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Image Entertainment presents
"Assuming the ranchers accept your proposition, what about the Indians? They have rights too."
DVD ReviewAfter Gene Autry's long-running contract with Republic Pictures expired in 1947, Gene signed with Columbia Pictures, which represented an upgrade in more ways than one. Columbia was no longer considered a Poverty Row studio like Republic, and it was able to give Gene both larger budgets and more ample running time, as well as classier publicity, in effect shifting him from B pictures to something a bit better, if not quite A pictures. The first film under that contract was The Last Round-Up, which takes advantage of these benefits to offer a more complicated story even though its roots are still in the standard tales Autry had done for Republic.
Set in the modern West, the story centers on the water needs of growing Mesa City, and the conflicts this creates with both the surrounding ranchers and the local natives. The city desires to build an aqueduct that will drain the surrounding territory and make it even more unusable than it is already. But Gene has a proposition for Mesa City that will be a win/win: the city will buy out the ranchers with sufficient money to allow them to find good land elsewhere, and also relocate the Indians to the idyllic Cedar Valley. But things are more difficult than Gene expects, since both ranchers and the tribes are attached to their homes and are disinclined to sell or move. In the meantime, wealthy Charlie Mason (Ralph Morgan, brother of Frank Morgan) and his devious son Matt (Mark Daniels) scheme to end up with all the land for themselves and either extorting a fabulous sum from Mesa City or allow it to die of thirst.
There's a strong liberal streak to the tale, with Autry standing up for the rights of the natives and trying to allow everyone to get along peaceably. At the same time, while the first half tends to be rather talky, there are still plenty of action sequences: the picture features not one but two full-blown cattle stampedes, including the centerpiece one running right through the middle of Mesa City. The added running time allows for some interesting character bits that wouldn't have been shot in the briefer Autry outings; one of the most amusing is a disposable bit in which Gene convinces a taxi driver to let him drive, and its comic aftermath. Technology also makes a major appearance, with closed-circuit television being used to help convince the Indians that Cedar Valley isn't a trick or a trap; for much of the movie's 1947 audience this must have seemed like science fiction. The movie makes good use of Arizona's "Old Tucson," with the distinctive Mission San Xavier playing a prominent role and adding plenty of production value.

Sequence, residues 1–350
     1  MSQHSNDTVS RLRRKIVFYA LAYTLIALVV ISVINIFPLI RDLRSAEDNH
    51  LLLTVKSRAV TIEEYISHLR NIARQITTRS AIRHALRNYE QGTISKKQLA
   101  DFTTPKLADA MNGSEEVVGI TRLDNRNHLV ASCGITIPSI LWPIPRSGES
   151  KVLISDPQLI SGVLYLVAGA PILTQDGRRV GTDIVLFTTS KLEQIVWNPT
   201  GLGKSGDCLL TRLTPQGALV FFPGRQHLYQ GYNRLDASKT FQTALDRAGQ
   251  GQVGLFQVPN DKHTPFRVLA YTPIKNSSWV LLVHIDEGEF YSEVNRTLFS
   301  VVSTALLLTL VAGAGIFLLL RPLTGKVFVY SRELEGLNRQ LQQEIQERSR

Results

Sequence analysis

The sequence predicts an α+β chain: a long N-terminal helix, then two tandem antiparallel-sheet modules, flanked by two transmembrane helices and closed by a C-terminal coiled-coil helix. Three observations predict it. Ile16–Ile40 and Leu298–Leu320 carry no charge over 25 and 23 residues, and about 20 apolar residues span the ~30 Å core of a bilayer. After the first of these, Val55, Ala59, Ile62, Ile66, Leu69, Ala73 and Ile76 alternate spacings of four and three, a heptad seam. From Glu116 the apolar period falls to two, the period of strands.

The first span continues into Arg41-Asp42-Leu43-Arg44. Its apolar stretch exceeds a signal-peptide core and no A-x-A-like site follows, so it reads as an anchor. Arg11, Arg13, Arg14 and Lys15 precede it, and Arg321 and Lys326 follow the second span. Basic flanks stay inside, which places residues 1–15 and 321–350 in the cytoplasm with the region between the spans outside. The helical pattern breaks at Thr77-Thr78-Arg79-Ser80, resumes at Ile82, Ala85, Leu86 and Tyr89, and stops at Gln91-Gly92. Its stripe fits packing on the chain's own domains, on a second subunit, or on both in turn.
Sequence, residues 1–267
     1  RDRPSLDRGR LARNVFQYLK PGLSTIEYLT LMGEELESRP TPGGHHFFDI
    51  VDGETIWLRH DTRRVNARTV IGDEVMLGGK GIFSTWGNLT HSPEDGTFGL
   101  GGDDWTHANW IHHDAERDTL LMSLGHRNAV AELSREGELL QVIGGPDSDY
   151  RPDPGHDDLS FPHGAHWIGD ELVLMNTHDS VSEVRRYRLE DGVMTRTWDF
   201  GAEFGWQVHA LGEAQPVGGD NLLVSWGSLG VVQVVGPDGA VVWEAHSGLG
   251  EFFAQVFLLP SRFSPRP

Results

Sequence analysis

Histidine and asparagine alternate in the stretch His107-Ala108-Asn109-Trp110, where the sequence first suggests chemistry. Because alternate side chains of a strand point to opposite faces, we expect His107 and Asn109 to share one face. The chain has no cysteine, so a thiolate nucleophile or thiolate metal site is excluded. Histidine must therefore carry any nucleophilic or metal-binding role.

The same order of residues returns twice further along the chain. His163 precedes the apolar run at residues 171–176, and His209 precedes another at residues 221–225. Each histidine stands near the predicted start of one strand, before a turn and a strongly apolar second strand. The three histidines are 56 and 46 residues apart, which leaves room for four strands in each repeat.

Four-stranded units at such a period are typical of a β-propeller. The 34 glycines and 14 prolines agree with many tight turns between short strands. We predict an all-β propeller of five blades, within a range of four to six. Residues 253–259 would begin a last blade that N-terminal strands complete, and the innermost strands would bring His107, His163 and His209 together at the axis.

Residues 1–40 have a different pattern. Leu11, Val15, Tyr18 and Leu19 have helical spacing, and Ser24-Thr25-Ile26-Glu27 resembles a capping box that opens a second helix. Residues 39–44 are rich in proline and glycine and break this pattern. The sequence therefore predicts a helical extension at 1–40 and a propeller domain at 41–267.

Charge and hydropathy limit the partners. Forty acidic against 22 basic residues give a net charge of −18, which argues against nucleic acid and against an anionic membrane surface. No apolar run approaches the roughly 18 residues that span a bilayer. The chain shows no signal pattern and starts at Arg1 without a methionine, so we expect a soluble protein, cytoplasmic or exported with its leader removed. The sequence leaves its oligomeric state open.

The supporting cast is interesting, even without a comedy relief sidekick. Jean Heather (who had appeared in Double Indemnity) is the romantic interest, a schoolmarm who has a series of meet-cutes with Autry before getting down to business. Broadway actor Mark Daniels makes a good villain with an attractive exterior; he underplays the role to a surprising extent and it works in the context of the ambitious plot. A young Robert Blake (billed as Bobby Blake) continues to act as a young Indian, as he had done in the Red Ryder pictures the preceding few years. In an entertainingly prescient sequence, Blake plays baseball (badly) with Autry, who would go on to own the California Angels team. The treatment of native Americans is a little ambiguous; while Autry and Heather are firmly in support of them, the script at several points sends them on the stereotypical warpath, with a rallying cry of "If we're going to be treated like savages, we'll act like savages." At the same time, an uncredited Jay Silverheels has a sympathetic role as an Indian whose cattle are shot by racist city water workers, and who is beaten up when he tries to complain. Let's just say that the heart might be in the right place but the situation is handled with less than adroitness.
The added running time doesn't give us a substantially larger number of songs, though the ones present are good ones. The title tune in particular is given poignant emphasis as Autry sings it at the funeral of one of the major characters. Gene also gives a cute rendition of She'll Be Coming Round the Mountain along with the schoolchildren. The other songs include:
You Can't See the Sun When You're Crying
One Hundred Sixty Acres
An Apple for the Teacher
Rating for Style: B
Rating for Substance: B
Image Transfer Review: The original full-frame picture is a little disappointing after the recent spate of beautiful restorations of Autry's pcitures. The source print is frequently contrasty and a little dupey at times; white hats often blend into the sky giving the film an odd appearance at times. Other parts look fine, so this is most likely a shortcoming of the source materials rather than a transfer problem. There doesn't, however, appear to be any significant damage, since few nicks or speckles are visible and no serious tears. It's watchable, but not as good as usual.
Image Transfer Grade: C+
Audio Transfer Review: The English mono track also has its share of issues. There's a fair amount of crackle and noise throughout. The songs sound pretty good, with nice range for 1940s mono.
Audio Transfer Grade: C-
Disc ExtrasFull Motion menu with music
Scene Access with 14 cues and remote access
Music/Song Access with 4 cues and remote access
1 Original Trailer(s)
Packaging: generic plastic keepcase
Extras Grade: B
Final CommentsAutry's first Columbia outing is an ambitious one, and it's not bad, but the print is in a bit rough shape, unfortunately.
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